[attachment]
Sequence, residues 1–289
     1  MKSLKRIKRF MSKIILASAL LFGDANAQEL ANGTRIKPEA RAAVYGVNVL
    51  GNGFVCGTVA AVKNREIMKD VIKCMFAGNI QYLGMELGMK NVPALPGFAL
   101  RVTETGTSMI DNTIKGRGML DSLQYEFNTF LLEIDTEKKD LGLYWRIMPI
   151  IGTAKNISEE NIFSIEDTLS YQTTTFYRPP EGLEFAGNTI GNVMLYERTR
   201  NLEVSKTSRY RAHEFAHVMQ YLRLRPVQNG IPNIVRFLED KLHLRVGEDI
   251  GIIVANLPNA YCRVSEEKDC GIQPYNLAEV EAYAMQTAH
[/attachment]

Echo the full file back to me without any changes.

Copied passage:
Sequence, residues 1–289
     1  MKSLKRIKRF MSKIILASAL LFGDANAQEL ANGTRIKPEA RAAVYGVNVL
    51  GNGFVCGTVA AVKNREIMKD VIKCMFAGNI QYLGMELGMK NVPALPGFAL
   101  RVTETGTSMI DNTIKGRGML DSLQYEFNTF LLEIDTEKKD LGLYWRIMPI
   151  IGTAKNISEE NIFSIEDTLS YQTTTFYRPP EGLEFAGNTI GNVMLYERTR
   201  NLEVSKTSRY RAHEFAHVMQ YLRLRPVQNG IPNIVRFLED KLHLRVGEDI
   251  GIIVANLPNA YCRVSEEKDC GIQPYNLAEV EAYAMQTAH